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No. 280.

REMARKS &c. MADE IN OBEDIENCE TO HIS MAJESTY'S INSTRUCTIONS TO GOVERNOR SHULDHAM


RELATIVE TO THE TRADE, FISHERY &C. OF NEWFOUNDLAND
IN THE
YEARS 1772 & 1773.

C.O. 199.  VOL. 17, NEWFD.

   ARTICLES OF HIS MAJESTY'S                         REMARKS.
             INSTRUCTIONS.

Article (12th)
   It is our further Will and Pleasure that you do from time to time, as the nature of the service will allow, visit all the Coasts and Harbours of the said Islands and Territories under your Government, in order to inspect and examine the Condition of the Fisheries, which are or may be carried on upon the said Coasts and Islands; You shall also use your best endeavours to procure accurate Draughts or Maps of the several Harbours, Bays, and Coasts of Newfoundland, and the other Islands and Territories under your Government; and you are more particularly to direct the Officer of any Vessel under your Command, which may be appointed to visit that part

   I have in Obedience to His Majesty's Commands employed as much of my time in visiting the Coasts, Harbours and Territories under my Government as my necessary attention to the other parts of my Duty would admit of, and have procured maps of these places from the best Surveys by an Officer properly Qualified for that service, by whose report, as well as from other information I have received (it is supposed) there is no passage from the place we understand by the name of Davis's Inlet to Hudson's Bay, or any other inclosed Sea.

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ARTICLES OF HIS MAJESTY'S INSTRUCTIONS.

Article (12) contd.
of the Coast of Labrador which lies between Hudson's Streights and the Streights of Belleisle, to search and explore the great Inlet, commonly known by the name of Davis's Inlet; in order to discover whether the same has or has not any Passage to Hudson's Bay, or any other inclosed Sea.

Article (13th)
   You are also to enquire and report to Us by one of our Principal Secretaries of State, whether any or what further Establishment may be necessary to be made, or Forts erected in any parts of Newfoundland, or the other Islands and Territories under your Government, either for the Protection of the Fishery the security of the Country or the establishment and carrying on a Commerce with the Indians residing in, or inhabiting the Coast of Labrador.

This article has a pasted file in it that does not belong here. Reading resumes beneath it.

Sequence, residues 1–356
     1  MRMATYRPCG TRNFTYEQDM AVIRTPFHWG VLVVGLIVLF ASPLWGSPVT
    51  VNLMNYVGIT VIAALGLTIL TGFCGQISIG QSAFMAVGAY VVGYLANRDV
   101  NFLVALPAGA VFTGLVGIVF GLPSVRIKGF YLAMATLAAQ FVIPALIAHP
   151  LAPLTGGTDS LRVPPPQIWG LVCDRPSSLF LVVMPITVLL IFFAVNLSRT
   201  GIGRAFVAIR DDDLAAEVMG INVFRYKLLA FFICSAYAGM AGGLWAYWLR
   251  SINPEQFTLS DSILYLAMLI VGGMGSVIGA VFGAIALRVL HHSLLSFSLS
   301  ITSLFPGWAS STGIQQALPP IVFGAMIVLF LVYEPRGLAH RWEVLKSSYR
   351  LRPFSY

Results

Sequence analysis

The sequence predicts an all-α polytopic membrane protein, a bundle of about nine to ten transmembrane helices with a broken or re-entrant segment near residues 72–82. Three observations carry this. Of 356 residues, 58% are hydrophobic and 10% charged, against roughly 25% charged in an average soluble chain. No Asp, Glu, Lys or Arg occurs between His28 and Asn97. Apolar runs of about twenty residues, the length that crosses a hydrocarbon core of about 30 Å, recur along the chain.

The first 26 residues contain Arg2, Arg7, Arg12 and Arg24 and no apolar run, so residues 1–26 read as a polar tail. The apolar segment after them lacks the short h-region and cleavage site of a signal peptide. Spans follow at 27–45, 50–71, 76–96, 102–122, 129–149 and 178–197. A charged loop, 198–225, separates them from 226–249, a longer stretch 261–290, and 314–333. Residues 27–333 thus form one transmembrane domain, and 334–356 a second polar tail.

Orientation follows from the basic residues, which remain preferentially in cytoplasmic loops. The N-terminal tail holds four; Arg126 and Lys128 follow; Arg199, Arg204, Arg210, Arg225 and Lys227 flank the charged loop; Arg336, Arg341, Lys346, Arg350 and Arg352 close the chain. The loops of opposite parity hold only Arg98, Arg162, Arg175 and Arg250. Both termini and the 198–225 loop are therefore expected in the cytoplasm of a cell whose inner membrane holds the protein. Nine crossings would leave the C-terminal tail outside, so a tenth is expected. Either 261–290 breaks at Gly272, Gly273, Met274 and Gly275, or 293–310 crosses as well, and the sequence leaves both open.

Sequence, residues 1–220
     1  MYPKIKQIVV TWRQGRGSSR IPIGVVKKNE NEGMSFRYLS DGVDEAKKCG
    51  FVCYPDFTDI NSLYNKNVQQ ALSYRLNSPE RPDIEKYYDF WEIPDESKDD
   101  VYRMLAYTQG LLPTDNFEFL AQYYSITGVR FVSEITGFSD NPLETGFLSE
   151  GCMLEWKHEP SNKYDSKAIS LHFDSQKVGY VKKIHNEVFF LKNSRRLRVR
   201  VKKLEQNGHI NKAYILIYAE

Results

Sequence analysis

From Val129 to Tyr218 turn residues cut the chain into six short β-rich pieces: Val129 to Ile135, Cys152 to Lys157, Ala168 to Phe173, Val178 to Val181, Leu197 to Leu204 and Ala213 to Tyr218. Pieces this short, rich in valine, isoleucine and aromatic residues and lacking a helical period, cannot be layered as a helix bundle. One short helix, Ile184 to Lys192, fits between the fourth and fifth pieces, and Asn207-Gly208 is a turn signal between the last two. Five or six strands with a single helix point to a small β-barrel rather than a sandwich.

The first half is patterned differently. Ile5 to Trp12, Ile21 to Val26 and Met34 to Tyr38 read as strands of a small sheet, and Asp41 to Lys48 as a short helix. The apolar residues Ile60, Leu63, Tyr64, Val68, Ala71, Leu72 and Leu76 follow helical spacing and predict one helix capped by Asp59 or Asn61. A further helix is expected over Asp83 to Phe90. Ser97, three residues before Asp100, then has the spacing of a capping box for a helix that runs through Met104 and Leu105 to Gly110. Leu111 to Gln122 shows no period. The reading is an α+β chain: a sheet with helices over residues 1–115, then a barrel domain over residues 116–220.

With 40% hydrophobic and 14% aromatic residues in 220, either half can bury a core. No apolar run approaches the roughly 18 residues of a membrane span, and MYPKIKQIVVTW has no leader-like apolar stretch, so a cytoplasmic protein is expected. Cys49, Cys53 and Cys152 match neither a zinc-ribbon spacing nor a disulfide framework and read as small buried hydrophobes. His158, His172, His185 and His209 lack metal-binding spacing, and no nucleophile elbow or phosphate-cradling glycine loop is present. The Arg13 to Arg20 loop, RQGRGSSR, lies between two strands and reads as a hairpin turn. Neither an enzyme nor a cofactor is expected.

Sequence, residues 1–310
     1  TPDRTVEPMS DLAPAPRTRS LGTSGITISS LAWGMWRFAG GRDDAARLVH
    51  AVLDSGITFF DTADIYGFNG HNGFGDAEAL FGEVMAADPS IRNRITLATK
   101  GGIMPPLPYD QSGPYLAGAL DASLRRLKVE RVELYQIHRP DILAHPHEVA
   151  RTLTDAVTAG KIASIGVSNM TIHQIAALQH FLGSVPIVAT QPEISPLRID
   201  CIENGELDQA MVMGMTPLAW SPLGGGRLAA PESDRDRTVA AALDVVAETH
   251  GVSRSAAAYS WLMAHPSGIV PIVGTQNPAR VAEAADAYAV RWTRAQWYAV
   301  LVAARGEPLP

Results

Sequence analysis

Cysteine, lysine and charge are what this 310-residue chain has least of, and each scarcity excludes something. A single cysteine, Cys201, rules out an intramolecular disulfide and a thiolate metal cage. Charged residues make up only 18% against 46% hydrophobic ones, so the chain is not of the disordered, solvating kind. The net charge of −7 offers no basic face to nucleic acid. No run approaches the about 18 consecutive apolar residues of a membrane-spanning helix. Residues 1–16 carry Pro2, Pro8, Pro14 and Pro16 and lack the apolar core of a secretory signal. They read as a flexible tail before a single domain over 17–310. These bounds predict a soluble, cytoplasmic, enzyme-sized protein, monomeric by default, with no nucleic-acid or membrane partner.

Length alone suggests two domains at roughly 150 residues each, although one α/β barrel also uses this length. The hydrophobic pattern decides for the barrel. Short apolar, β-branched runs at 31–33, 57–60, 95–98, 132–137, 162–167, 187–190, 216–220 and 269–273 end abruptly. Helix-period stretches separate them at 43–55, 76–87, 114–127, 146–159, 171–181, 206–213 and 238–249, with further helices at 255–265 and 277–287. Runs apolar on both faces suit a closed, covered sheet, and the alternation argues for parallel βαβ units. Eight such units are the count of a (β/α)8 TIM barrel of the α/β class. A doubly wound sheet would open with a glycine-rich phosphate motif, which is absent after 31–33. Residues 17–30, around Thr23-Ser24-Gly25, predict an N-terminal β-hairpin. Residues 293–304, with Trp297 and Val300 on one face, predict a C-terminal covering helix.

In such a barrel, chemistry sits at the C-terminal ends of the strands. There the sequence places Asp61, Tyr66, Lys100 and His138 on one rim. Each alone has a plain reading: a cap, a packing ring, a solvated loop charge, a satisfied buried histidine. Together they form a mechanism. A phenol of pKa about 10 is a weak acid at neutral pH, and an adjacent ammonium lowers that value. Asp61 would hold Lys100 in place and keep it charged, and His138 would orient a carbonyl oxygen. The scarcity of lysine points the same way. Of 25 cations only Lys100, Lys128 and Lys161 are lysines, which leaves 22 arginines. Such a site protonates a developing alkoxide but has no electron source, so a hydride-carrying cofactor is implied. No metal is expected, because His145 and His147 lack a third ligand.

REMARKS.















   I am of opinion while Great Britain preserves the Sovereignity of the Sea she need, or ought not to be at the Expence of erecting any extensive Fortifications upon this Island; where the Climate is so severe that no Work of that kind can be performed without an immense Expence, as this Country does not produce one single material necessary for it; where from the intenseness of the Frosts the repairs must be infinite; where a Garrison must be kept complete however difficult or Expensive, which cannot Act above Five Months in the Year and the other seven totally useless and undisciplined, and by Idleness Drunkenness and irregularity rendered unfit for future service; add to this that, perhaps no Island in the World abounds with more Harbours than Newfoundland, all of which to be properly fortified, would require a much greater Expence than the whole Benefit of the Fishery would defray Those Harbours which are best fortified by nature, ought certainly to be made the Refuge and Rendezvous of the Shipping and not any from its Centrical situation answers in this respect, and for this use, so well as St. John's, which at a small Expence may, and I hope is now making, sufficiently defensible against shipping, and while our Fleet main-

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ARTICLES OF HIS MAJESTY'S INSTRUCTIONS.











































Article (14th)
   You are not to permit the Subjects of any foreign Prince or State whatever, to carry on any Commerce with the said Indians, and to use your best endeavours to conciliate their Affections and to induce them to Trade with our Subjects reporting to Us, by one of our: Principal Secretaries of State, the best accounts you can obtain of the number of

REMARKS.

tains its superiority, it ought not to be apprehended that any Force will be suffered to Land upon any of the habitable part of it, but what the Inhabitants and a very small Garrison will be able to repel or at least to resist during the short season of a possiblity of carrying on any Military Operations in this Country.
   There is not at present the least appearance of a necessity for any other Fort on the Coast of Labrador than what is already at Chateaux, which ought to be on a better Establishment—and I beg leave to propose,
   First, That the Fort, which is on a good Plan, should be certain of having Annually its necessary repairs, as likewise Boats.